Static program analysis
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In computer science, static program analysis (or static analysis) is the analysis of computer programs performed without executing them, in contrast with dynamic program analysis, which is performed on programs during their execution.
The term is usually applied to analysis performed by an automated tool, with human analysis typically being called "program understanding", program comprehension, or code review. In the last of these, software inspection and software walkthroughs are also used. In most cases the analysis is performed on some version of a program's source code, and, in other cases, on some form of its object code.
The sophistication of the analysis performed by tools varies from those that only consider the behavior of individual statements and declarations, to those that include the complete source code of a program in their analysis. The uses of the information obtained from the analysis vary from highlighting possible coding errors (e.g., the lint tool) to formal methods that mathematically prove properties about a given program (e.g., its behavior matches that of its specification).
Software metrics and reverse engineering can be described as forms of static analysis. Deriving software metrics and static analysis are increasingly deployed together, especially in creation of embedded systems, by defining so-called software quality objectives.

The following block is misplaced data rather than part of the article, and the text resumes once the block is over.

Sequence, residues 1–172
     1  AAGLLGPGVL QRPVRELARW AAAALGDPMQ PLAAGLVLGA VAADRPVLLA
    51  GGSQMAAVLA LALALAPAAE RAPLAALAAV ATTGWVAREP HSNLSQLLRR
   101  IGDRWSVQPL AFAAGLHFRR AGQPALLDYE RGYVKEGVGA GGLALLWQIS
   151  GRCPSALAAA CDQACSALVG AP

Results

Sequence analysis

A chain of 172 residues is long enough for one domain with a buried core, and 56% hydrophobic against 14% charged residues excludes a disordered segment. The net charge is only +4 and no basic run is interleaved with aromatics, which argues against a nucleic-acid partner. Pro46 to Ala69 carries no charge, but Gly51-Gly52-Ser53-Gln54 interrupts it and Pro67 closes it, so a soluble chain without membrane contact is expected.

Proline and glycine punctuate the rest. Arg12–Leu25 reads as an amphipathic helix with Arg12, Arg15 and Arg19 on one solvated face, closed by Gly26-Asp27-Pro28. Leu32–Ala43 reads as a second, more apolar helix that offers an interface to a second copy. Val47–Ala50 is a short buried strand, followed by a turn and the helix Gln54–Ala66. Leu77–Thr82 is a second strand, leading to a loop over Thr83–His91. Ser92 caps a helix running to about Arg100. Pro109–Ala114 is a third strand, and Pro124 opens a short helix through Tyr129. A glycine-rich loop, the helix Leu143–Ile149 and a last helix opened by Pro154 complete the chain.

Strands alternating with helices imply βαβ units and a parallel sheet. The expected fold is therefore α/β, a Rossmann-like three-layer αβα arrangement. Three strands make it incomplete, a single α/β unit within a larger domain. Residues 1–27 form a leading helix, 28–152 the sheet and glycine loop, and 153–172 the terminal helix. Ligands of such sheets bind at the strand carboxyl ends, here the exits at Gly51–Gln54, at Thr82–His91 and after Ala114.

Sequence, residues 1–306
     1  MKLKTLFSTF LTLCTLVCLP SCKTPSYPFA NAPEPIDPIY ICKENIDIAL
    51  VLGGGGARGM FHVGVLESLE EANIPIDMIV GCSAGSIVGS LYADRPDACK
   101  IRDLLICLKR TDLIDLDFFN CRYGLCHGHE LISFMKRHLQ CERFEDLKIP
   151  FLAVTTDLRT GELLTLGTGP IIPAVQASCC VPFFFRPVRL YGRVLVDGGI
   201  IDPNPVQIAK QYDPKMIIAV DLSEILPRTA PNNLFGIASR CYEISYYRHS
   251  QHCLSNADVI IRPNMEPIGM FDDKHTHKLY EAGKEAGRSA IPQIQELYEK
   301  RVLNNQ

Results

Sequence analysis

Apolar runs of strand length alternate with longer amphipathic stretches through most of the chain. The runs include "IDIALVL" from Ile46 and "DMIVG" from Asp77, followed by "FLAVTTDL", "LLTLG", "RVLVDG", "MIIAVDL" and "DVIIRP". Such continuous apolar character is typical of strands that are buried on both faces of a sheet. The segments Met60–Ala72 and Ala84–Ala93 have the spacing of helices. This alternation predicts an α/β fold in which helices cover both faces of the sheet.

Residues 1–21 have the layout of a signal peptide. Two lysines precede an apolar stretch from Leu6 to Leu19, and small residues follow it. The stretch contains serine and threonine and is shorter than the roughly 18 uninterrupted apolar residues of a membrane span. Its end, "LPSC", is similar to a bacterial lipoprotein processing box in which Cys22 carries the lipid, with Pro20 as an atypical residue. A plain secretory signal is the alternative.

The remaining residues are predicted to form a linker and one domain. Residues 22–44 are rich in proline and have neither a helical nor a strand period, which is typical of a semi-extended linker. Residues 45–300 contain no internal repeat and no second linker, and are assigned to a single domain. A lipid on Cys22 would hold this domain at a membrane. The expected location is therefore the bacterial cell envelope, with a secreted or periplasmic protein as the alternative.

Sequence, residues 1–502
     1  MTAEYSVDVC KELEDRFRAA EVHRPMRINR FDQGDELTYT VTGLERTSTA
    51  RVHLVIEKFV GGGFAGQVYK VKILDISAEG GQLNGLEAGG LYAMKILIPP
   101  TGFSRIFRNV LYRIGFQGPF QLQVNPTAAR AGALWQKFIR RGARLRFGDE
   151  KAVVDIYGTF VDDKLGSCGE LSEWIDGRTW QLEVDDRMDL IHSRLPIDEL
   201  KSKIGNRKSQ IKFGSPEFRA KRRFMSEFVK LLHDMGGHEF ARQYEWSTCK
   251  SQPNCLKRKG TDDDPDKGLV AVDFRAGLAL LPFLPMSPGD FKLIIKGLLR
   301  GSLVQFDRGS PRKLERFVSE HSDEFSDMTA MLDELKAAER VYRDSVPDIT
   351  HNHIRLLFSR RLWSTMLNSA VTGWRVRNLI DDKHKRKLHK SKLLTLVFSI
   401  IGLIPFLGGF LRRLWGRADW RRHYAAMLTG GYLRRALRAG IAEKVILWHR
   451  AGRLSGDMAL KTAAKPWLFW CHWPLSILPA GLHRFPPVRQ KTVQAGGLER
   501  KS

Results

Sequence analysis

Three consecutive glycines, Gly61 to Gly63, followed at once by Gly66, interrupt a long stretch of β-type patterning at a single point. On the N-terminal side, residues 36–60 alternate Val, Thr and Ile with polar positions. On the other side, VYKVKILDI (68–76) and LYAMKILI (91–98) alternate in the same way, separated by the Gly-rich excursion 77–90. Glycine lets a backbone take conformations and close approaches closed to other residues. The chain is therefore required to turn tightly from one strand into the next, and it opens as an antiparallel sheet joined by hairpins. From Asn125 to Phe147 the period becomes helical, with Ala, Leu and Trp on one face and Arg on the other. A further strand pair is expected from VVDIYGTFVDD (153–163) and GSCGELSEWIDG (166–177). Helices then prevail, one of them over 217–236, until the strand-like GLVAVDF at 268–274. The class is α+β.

A growing commercial use of static analysis is in the verification of properties of software used in safety-critical computer systems and locating potentially vulnerable code. For example, the following industries have identified the use of static code analysis as a means of improving the quality of increasingly sophisticated and complex software:
- Medical software: The US Food and Drug Administration (FDA) has identified the use of static analysis for medical devices.
- Nuclear software: In the UK the Office for Nuclear Regulation (ONR) recommends the use of static analysis on reactor protection systems.
- Aviation software (in combination with dynamic analysis)
- Automotive & Machines (Functional safety features form an integral part of each automotive product development phase, ISO 26262, Sec 8.)
A study in 2012 by VDC Research reported that 28.7% of the embedded software engineers surveyed currently use static analysis tools and 39.7% expect to use them within 2 years. A study from 2010 found that 60% of the interviewed developers in European research projects made at least use of their basic IDE built-in static analyzers. However, only about 10% employed an additional other (and perhaps more advanced) analysis tool.
In the application security industry the name Static application security testing (SAST) is also used. SAST is an important part of Security Development Lifecycles (SDLs) such as the SDL defined by Microsoft and a common practice in software companies.
The OMG (Object Management Group) published a study regarding the types of software analysis required for software quality measurement and assessment. This document on "How to Deliver Resilient, Secure, Efficient, and Easily Changed IT Systems in Line with CISQ Recommendations" describes three levels of software analysis.
- Unit Level
- Analysis that takes place within a specific program or subroutine, without connecting to the context of that program.
- Technology Level
- Analysis that takes into account interactions between unit programs to get a more holistic and semantic view of the overall program in order to find issues and avoid obvious false positives. For instance, it is possible to statically analyze the Android technology stack to find permission errors.
- System Level
- Analysis that takes into account the interactions between unit programs, but without being limited to one specific technology or programming language.